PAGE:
Key features of Neutral Grassland for wildlife species
Neutral Grassland is found on shale soils or alluvial deposits in Barnsley. Sustaining an ‘unimproved nature’ is important for a range of plants which cannot tolerate competition from more vigorous grass species associated with agriculturally improved grasslands.
Managing sites by wide scale frequent mowing or intensive periods of grazing will be unsuitable for many species.
Species supported by grassland
Neutral Grassland supports farmland birds such as Lapwing, Grey Partridge, Skylark, Yellow Hammer, Linnet and other finches, as well as Starling, Kestrel and Barn owl.
Voles, mice, shrews, Brown Hare, Hedgehog, Mole
Reptiles / Amphibians Grass Snake, newts
A wide range of invertebrates including solitary bees and wasps, bumblebees, butterflies, moths, and grasshoppers.
Butterflies include Meadow Brown, Ringlet, Common Blue, Small Heath.
Moths include Chimney Sweeper feeding on Pignut
Neutral grassland can have a rich array of flowering plants: Common Knapweed, Great Burnet, Ox-Eye Daisy, Hawkbits, Cat’s Ear, Dandelion, Meadow Buttercup, Pignut, SelfHeal, Lady’s bedstraw, Red Clover, Birds Foot Trefoil, vetches and Yellow Rattle. Adder’s Tongue Fern, Ribwort plaintain, and Common Sorrel..
A rich variety of grasses can be found in Neutral Grassland including: Sweet Vernal Grass, Crested Dog’s-Tail, Red Fescue, Common Bent, and Yorkshire Fog with occasional Quaking Grass, Smooth Meadow-Grass, Yellow Oat-Grass and Cat’s Tail.
The best form of management is ‘cut and remove’ in late summer – preferably as a hay crop. This maintains a lower level of fertility that benefits herb species. Cut and mulch encourages more grass growth after it rots down releasing nutrients.
Grazing after cutting in autumn and very early spring encourages plant diversity in meadows by preventing the take-over by bigger species such as Cocks Foot, False Oats, Hogweed, Dock and Cow Parsley.
Flower-rich neutral grassland at Pye Flatts Meadows. Image Brian Parkinson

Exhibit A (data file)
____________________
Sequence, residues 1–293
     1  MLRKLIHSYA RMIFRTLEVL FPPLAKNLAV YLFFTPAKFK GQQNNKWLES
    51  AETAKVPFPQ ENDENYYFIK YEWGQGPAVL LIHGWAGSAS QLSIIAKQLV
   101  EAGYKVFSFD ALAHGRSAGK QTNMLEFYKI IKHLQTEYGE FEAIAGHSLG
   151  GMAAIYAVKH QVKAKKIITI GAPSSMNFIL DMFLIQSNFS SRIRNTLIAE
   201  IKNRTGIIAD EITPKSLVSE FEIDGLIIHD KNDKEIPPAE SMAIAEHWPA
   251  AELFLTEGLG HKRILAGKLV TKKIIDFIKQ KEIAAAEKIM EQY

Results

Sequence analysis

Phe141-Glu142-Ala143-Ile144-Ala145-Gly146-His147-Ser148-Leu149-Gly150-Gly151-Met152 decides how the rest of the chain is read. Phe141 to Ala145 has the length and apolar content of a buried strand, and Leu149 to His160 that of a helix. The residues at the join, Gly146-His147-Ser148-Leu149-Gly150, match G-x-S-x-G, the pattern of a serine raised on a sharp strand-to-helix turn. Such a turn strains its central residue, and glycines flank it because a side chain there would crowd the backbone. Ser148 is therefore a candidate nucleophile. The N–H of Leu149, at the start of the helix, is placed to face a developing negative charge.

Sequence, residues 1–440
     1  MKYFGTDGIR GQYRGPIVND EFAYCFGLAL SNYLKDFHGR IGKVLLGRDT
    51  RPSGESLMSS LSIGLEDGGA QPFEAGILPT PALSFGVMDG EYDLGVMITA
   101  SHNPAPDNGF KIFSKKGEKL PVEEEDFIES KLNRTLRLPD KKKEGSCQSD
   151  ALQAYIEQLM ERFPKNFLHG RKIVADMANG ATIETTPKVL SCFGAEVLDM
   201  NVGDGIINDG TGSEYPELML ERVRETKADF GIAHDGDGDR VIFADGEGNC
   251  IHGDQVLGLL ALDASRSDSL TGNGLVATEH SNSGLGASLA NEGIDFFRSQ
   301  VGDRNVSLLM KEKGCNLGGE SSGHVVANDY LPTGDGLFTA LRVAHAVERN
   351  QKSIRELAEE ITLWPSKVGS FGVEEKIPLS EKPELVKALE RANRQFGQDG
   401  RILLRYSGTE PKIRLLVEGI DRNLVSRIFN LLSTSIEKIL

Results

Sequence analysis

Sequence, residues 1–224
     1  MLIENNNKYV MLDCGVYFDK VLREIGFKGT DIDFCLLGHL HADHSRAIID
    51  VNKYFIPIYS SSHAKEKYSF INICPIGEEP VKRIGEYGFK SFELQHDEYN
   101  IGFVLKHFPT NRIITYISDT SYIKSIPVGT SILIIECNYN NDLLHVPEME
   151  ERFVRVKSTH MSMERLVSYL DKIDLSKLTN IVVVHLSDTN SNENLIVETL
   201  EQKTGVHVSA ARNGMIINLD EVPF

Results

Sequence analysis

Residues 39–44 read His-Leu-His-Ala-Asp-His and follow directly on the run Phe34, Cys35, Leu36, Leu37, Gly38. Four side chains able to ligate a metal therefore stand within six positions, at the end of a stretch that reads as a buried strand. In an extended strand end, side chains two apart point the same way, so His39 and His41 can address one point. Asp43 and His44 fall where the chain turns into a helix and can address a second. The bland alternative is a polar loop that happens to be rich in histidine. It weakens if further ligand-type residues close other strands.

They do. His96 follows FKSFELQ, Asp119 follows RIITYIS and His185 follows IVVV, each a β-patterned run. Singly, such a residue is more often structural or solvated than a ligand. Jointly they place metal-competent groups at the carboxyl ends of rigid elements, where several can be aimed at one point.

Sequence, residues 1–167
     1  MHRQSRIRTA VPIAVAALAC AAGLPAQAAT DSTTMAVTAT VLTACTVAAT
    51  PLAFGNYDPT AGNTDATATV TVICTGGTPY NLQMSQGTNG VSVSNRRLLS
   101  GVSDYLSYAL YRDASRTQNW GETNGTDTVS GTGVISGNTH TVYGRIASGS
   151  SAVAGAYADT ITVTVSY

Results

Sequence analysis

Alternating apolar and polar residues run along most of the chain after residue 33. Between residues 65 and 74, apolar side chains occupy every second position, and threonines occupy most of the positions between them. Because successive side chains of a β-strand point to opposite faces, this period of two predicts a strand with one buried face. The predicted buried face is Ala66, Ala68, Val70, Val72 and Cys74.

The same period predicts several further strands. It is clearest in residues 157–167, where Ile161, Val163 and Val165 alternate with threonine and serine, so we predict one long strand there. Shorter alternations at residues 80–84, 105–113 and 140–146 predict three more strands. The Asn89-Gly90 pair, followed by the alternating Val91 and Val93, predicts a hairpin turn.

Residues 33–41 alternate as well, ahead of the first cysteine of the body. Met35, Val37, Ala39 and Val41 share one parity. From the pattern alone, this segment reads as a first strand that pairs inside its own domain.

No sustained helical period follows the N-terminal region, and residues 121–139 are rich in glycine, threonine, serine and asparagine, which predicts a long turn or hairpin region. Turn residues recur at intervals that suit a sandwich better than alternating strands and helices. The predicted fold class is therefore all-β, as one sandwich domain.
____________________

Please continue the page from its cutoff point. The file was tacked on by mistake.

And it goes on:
The presence of flowers for nectar and pollen, and plants for food and shelter throughout the spring and summer, are critical to a number of invertebrate and other species, some of which are dependent on specific plant species at times of their life cycle.
Different species require widely different types of grass length - sward structure - and no single type is beneficial for all.
Longer swards with copious invertebrates and seeds support a more numerous and varied small mammal and bird population, including sparrows and finches, feeding on them.
Open and short swards, often only a few centimetres high, are favoured by birds like Lapwing, Starling and thrushes and mammals such as Hedgehog, feeding on soil invertebrates.
Adjacent areas such as hedgerows, scrub and woodland support species requiring places to nest and roost as well as feed, such as Yellow Hammer.
The main features of good quality neutral grassland priority habitat are
The best form of management is ‘cut and remove’ in late summer – preferably as a hay crop. This maintains a lower level of fertility that benefits herb species. Cut and leave would encourage more grass growth after the mulch rots down releasing nutrients. Mulching also suppresses more delicate herb species and encourages nettles to take over.
Grazing after cutting in autumn and very early spring encourages plant diversity in meadows by preventing the take-over by bigger species such as Cocks Foot, False Oats, Hogweed, Dock and Cow Parsley
Neutral Grassland Features